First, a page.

If you like your geometric constructions big, try Zef Damen's Crop Circle Reconstructions.

Similarly enthralling are the pages on Billiards (and the physics of), Astronomy (and the savants of), and Physics (and the Phlogiston Theory of), all of which are rife with illustrations and diagrams. See the homepage for much more.

If you like your geometric constructions big, try Zef Damen's Crop Circle Reconstructions.

Project Euler is a running contest of programming challenges to hone your algorithm skills.
*"Each problem is designed according to a 'one-minute rule', which means that although it may take several hours to design a successful algorithm with more difficult problems, an efficient implementation will allow a solution to be obtained on a modestly powered computer in less than one minute."*

Who has the fish? Einstein logic puzzle. If I can do it, you guys can.

Mathematical proof Mathematical proof that it is impossible to find a girlfriend.
"Without going into the specifics of precisely which traits I admire, I will say that for a girl to be considered really beautiful to me, she should fall at least two standard deviations above the norm." -pdf here- via

Gödel and the Nature of Mathematical Truth : A Talk with Verena Huber-Dyson

The Spidron is an interesting geometric construction that seems to lend itself to folding, dissection, and space-filling in two and three dimensions.

Very few people will ever need to learn the value of pi beyond a handful of digits, but some people are more obsessed than others. They call themselves Piphilologists, and all the pi-memorization writings you could ever possibly want have been compiled into one massive Piphilogical text file. And today, Piphilologists the world over must surely bow in tribute to Akira Haraguchi, who has just recited pi from memory to 83,431 places.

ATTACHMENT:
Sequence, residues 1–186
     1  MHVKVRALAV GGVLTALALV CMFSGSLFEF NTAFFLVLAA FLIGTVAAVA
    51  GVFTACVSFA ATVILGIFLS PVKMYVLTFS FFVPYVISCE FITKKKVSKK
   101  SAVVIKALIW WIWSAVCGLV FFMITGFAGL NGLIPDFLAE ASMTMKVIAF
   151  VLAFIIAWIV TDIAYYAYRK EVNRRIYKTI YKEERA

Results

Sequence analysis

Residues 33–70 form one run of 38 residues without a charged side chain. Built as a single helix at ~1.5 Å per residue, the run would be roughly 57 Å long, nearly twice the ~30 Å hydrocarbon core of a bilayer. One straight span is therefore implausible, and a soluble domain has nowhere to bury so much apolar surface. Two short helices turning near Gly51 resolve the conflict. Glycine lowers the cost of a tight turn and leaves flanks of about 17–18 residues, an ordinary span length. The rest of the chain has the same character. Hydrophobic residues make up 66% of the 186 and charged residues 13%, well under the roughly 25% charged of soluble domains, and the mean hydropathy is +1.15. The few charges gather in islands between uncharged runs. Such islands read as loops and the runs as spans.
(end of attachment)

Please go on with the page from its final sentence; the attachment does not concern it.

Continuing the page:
Godel's theorems have been used to extrapolate a great many "truths" about the world. Torkel Franzen sets the record straight in his new book Godel's Theorem: An Incomplete Guide to Its Use and Abuse. Read the introduction (PDF). If you want, check out his explanation of the theorems.

The Logic of Diversity "A new book, *The Wisdom of Crowds* [..:] by The New Yorker columnist James Surowiecki, has recently popularized the idea that groups can, in some ways, be smarter than their members, which is superficially similar to Page's results. While Surowiecki gives many examples of what one might call collective cognition, where groups out-perform isolated individuals, he really has only one explanation for this phenomenon, based on one of his examples: jelly beans [...] averaging together many independent, unbiased guesses gives a result that is probably closer to the truth than any one guess. While true — it's the central limit theorem of statistics — it's far from being the only way in which diversity can be beneficial in problem solving." (Three-Toed Sloth)

Whether its crocheted hyperbolic models or Lorenz manifolds, a lace pi shawl or knit Fibonacci socks, some math geeks find expression in the fiber arts.

That, as previously reported, a newly deciphered fragment of the Book of Revelations shows 616 is the true Number of the Beast, rather than the popular 666, is nothing new in the world of those obsessed with codes in the Bible. However, one Bible code in particular -- Theomatics -- has sparked debate among believers and non-believers alike.